In our previous article on the government’s proposed post-Grenfell fire safety regime for multi-occupied residential buildings that are over 18 metres high, we looked at the role of the accountable person (AP), who will have overall responsibility for the safety of the building once it is occupied.
Among the most crucial duties placed on the AP is the appointment of a building safety manager (BSM) – a new position that is the subject of this article. The BSM will support the AP in fulfilling its duties to manage fire and structural risks and will have the day-to-day task of ensuring that the building is safely managed and maintained.
The AP must nominate either itself or a managing agent or contractor to act as the BSM, although it will in any case need to maintain overall control and supervision of the BSM and satisfy the Building Safety Regulator that the BSM meets the tests for registration. The government is clear, however, that the AP will not, “under any circumstances”, be able to delegate to the BSM responsibility for complying with the building safety certificate and the safety case, or any liability for failing to do so. The BSM will nevertheless be accountable for its performance in complying with the certificate, “unless it can show that failure to comply was the result of obstruction or negligence on the part of the AP”.
In deciding whether to register a BSM, the regulator will need to be satisfied that the BSM has the team, funding, experience, qualifications and competence (see below) to undertake the functions necessary to comply with the certificate. The regulator will consult other “responsible” bodies in reaching its decision – for example, local authorities or professional and trade bodies.
The BSM’s specific functions will include:
ensuring that those employed to maintain, manage and check the building have the necessary skills, knowledge and experience;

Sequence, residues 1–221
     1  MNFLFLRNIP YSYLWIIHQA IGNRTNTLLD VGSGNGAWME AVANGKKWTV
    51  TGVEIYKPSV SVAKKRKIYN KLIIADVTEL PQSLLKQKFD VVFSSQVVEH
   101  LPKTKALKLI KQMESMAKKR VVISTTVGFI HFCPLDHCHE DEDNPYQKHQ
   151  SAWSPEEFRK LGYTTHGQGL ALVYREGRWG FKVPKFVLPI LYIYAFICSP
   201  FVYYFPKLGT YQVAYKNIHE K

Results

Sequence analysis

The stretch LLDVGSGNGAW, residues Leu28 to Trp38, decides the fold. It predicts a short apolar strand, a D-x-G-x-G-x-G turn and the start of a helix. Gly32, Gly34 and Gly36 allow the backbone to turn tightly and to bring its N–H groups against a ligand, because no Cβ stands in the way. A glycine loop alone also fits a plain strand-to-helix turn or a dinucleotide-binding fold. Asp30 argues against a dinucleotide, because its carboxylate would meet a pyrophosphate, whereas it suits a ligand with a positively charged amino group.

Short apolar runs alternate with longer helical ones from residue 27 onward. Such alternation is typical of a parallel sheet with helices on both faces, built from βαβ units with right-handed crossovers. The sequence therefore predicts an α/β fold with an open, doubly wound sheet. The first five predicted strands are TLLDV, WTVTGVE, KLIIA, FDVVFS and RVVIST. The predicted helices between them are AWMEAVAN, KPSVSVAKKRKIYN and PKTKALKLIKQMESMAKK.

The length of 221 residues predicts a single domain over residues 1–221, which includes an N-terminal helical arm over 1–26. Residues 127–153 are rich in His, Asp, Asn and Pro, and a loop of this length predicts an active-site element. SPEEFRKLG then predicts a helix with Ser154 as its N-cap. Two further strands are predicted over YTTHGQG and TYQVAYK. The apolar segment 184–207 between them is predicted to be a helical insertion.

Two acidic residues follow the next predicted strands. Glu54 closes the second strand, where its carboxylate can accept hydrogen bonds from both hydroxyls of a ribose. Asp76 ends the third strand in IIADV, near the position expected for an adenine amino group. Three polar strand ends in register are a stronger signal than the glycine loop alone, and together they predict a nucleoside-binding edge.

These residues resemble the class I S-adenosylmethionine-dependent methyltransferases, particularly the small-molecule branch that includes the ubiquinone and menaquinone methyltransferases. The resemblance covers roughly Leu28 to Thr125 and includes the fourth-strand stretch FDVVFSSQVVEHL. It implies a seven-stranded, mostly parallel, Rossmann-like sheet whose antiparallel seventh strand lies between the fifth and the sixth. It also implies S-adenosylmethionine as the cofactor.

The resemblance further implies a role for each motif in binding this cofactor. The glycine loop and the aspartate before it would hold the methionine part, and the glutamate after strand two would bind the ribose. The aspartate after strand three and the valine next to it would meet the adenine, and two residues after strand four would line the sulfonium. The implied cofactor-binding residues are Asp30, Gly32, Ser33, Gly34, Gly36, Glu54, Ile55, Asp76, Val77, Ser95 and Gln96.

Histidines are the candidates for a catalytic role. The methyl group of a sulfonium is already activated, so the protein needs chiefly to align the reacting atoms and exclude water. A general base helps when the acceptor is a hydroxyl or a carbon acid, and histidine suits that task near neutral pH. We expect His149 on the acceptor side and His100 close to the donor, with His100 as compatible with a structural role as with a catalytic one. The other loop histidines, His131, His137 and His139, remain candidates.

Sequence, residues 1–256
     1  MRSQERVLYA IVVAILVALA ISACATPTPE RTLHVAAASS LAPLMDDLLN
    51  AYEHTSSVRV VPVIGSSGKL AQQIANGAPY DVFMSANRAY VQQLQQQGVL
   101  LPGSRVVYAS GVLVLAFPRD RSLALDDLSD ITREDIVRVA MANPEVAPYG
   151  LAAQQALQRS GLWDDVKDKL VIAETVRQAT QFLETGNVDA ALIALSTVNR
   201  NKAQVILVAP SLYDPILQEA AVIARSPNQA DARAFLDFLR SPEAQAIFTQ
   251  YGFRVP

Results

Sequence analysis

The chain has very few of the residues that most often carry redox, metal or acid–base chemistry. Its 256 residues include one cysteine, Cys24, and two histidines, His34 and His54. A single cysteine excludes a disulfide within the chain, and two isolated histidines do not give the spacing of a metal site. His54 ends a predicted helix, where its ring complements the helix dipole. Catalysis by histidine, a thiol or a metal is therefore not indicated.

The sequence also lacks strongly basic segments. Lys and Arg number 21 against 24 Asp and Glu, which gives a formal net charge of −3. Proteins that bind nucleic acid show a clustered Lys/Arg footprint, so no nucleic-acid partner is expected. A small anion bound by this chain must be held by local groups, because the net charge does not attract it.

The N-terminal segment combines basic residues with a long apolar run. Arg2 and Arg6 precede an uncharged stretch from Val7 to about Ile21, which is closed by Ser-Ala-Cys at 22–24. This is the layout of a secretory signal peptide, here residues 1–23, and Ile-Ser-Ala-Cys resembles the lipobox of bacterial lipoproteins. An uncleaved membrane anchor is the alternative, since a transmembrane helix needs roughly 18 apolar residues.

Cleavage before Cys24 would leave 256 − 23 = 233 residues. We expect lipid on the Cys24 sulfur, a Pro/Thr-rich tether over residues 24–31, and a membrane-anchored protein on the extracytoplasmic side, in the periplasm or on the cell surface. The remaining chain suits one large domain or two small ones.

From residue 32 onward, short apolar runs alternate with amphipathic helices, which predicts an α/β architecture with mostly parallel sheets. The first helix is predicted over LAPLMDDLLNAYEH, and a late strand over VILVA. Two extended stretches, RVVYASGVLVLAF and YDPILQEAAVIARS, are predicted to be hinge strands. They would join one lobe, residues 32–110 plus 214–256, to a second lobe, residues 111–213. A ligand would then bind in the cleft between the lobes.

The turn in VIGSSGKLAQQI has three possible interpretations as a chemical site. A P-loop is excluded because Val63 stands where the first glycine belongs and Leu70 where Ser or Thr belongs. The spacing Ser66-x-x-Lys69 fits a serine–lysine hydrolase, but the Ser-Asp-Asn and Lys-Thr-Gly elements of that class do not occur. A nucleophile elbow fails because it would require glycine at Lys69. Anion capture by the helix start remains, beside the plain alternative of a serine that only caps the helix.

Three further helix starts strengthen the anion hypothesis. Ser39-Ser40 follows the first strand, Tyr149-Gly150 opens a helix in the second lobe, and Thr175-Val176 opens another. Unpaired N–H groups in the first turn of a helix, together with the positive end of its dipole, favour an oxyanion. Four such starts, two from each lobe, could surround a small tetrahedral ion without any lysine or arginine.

maintaining information management systems to facilitate safe management of the building;
maintaining the building’s safety case so that risks are proactively identified and mitigating measures implemented and maintained;
• ensuring that building remediation is undertaken in order to meet the conditions of the building safety certificate;
• ensuring that fire risk assessments for the building are undertaken and reviewed regularly, and that recommendations are implemented in a timely fashion;
• reporting specified “mandatory occurrences” – for example the partial or total failure of emergency fire systems – to the Building Safety Regulator; and
• engaging residents about the safe management of their building, providing them with a route to escalate their concerns.
An industry-led group is developing competencies for the whole of the new regime, including for the BSM. The requirements will be formalised in a suite of national standards. Broadly, they will involve an “understanding of all aspects of building safety and the impact of construction works or in-use activities on the design intent throughout the life cycle, skills of interrogation and the ability to identify major hazards and minimise the risk to safety during operation”.
The government envisages that there might be circumstances in which “there is no one suitable, for the time being” to be the BSM or where the BSM is no longer suitable. In such cases, the Building Safety Regulator would, as a “last resort”, appoint an independent BSM, who would be answerable to the regulator (and not the AP). Concerned to “discourage this from being the default”, the government intends placing a new criminal offence on the AP of not submitting a valid application to register the building with the regulator.
Next: Engaging a building’s occupants.